It's the follow up to this:
Sure, the deck's stacked against Keynes in these videos but it basically explains both theories pretty decently. I tend to prefer Hayek intuitively because his theories of knowledge, spontaneous organization and the tactics of power jibes with my experiences and supports my views on the importance of individual liberties. I think the free-er we are the better off we are; but being free doesn't come free and in fact it's a harder life than one spent encompassed in a safety blanket that other people pay for and still other people manage. One of my in-laws is like this; she's been on the dole in England for roughly 30 years. Recent changes - they've run out of money for health care and the dole - have forced a lot of people to work. Sis-in-law, mortified, reports this week that her doctor has given her a clean bill of health. Most people would like that but for her, it wiped out her last claim to drawing pay out of the public till, a fraudulent disability check that she (as of next week) will no longer collect. (See, that's the problem when your doctor is a government employee, he operates according to government spending rules, and as of now, diabetes and idleness-induced carpal tunnel syndrome are no longer paying disabilities - damn those Tories and Lib Dems!) She now has to get her first job, at age 47. She is horrified about this, not realizing that actually earning money will leave her free to do things. She won't have to get permission to move from one state housing development to another. She won't need to use her money only to buy certain things on an approved list. She won't have to go to an office once every couple months and beg a government representative to keep subsidizing her. It will be hard for her, but maybe in a couple years, she'll realize that enslavement to personal responsibility - being a servant of one's self - means freedom from enslavement to others. The police won't arrest her if unauthorized people show up and stay in her house for a couple days - like one of her sons or her ex-husband. She wont be getting an endless, implicit lecture on how she is required to live delivered by a handful of entitlement benefits that come with strings attached. She will be free to choose her own course. This prospect is, of course, terrifying to her. It shouldn't be, but the extensive benefits she has received for her entire adult life have induced this infantile state of mind.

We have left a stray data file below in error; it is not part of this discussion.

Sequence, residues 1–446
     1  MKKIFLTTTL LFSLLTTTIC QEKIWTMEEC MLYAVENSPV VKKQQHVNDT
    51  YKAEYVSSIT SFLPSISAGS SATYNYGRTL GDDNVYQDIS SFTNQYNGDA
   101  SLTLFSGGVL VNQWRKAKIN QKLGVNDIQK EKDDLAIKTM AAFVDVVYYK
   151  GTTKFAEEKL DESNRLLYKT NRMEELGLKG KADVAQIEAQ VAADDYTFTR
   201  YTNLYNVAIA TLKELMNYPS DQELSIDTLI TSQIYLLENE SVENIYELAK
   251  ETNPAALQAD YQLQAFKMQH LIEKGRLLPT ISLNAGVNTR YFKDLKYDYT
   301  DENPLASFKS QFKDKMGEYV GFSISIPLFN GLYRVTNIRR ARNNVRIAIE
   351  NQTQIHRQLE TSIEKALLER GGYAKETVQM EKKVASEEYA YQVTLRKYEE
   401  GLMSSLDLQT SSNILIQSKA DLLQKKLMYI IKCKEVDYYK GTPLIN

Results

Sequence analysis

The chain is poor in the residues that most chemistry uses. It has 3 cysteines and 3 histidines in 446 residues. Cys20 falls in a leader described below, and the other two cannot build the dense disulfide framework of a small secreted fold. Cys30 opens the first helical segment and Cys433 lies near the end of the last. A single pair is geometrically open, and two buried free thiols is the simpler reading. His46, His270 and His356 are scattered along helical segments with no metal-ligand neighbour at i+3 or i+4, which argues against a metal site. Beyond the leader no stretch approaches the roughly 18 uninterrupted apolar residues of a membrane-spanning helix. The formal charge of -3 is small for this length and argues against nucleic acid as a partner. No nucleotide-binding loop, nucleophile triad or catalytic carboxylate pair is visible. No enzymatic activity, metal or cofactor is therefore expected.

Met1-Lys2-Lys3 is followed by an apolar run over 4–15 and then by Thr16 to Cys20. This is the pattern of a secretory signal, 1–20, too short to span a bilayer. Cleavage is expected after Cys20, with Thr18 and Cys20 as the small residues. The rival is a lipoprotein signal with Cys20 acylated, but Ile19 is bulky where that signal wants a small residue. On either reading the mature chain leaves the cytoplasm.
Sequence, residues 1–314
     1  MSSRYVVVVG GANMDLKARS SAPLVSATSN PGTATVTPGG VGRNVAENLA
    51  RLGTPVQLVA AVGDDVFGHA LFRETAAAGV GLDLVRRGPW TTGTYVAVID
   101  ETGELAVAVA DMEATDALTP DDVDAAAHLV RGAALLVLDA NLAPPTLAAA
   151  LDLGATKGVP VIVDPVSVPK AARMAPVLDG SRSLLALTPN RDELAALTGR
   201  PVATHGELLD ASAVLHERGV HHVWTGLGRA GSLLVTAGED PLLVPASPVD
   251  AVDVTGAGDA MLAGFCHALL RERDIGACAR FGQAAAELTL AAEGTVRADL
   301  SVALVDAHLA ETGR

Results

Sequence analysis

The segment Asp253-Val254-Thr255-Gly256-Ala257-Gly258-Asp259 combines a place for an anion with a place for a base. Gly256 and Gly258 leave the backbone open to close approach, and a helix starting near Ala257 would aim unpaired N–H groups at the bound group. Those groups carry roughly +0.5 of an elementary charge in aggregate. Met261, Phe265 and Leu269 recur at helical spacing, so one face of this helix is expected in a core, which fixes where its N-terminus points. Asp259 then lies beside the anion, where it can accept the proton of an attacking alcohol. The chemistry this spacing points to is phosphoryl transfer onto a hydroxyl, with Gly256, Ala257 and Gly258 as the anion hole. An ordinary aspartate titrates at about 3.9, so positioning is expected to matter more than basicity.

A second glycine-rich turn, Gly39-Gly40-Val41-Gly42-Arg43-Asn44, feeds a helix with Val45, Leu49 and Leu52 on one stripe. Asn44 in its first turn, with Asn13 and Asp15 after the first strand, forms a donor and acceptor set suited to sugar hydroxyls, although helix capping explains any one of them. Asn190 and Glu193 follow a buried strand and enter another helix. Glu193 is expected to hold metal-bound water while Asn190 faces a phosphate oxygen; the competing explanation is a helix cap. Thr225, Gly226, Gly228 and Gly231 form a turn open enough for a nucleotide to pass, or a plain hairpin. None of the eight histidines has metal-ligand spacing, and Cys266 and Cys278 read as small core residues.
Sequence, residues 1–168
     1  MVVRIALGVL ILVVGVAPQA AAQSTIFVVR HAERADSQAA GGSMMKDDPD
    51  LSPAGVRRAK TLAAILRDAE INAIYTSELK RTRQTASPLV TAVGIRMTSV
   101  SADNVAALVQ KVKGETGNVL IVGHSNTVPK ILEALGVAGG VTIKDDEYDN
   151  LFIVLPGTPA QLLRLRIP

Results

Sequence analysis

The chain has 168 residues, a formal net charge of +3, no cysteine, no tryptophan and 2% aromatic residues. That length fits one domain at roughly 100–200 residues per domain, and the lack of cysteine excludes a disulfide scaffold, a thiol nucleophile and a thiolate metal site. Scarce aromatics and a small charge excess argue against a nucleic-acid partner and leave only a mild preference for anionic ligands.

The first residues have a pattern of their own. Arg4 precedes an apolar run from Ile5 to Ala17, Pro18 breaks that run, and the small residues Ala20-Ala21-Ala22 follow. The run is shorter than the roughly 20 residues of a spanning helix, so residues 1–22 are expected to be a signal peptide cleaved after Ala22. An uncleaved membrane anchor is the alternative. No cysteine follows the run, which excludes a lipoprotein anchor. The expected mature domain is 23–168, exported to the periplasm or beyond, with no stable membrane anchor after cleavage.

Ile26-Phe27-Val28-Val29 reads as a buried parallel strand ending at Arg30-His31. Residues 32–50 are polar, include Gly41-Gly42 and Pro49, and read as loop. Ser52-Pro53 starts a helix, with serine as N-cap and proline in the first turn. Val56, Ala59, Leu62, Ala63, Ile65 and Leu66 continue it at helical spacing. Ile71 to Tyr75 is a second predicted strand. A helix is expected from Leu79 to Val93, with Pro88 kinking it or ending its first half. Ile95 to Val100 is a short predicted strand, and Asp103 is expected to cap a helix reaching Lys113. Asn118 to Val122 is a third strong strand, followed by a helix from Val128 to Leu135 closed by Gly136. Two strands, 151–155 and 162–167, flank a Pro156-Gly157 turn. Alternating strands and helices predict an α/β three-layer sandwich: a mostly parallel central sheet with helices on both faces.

People often conflate "small l" libertarianism with Ayn Rand's paean to selfishness, objectivism. It isn't the same thing; Rand provides an infantile, convenient straw men for statists to skewer. Hayek isn't easily skewered, particularly in his advanced works, like Constitution of Liberty. He makes a critique of power and attempts to centrally plan the "economy" (i.e. humans and all their significant actions) that is based in part on his personal views as an Austrian Jew who escaped the Holocaust; and as an economist who saw informational advantage as a key to making markets work, and saw price as a mechanism by which information is adjusted and spread, while central control works as an obstacle to the sharing and employment of information. As the theme goes in the first video, who knows better how to run your life - you, or some distant person? As you guys know, I just want to be free, to ride my machine and not be hassled by the man. So natch I cling to the political economics that best support my inclinations. But then I'm a weirdo geeked out civil liberties attorney so I may be completely wrong, and YMMV. I'm throwing this stuff out there because I think the country's in a crisis, and it behooves us to try to educate ourselves about the mechanics of it, whether we're civic minded and paying attention to what government's up to, or just self-interested and trying to stay a step ahead of the jailer. You may not agree with me but it would probably serve you to understand at a fundamental level what the stakes are when pundits are talking about government takeovers of economic sectors, or deregulation of other sectors. So don't believe me or the videos. Go read the two authors whose ideas are at the heart of the controversy and make up your own damn mind.
If you sat through that stuff, and better yet if you understood it, you deserve a little non-economical non-polemical music as consolation.
And, in the interest of equal time for opposing viewpoints, RATM.
Now have some mellow, and go away for a while. Okay?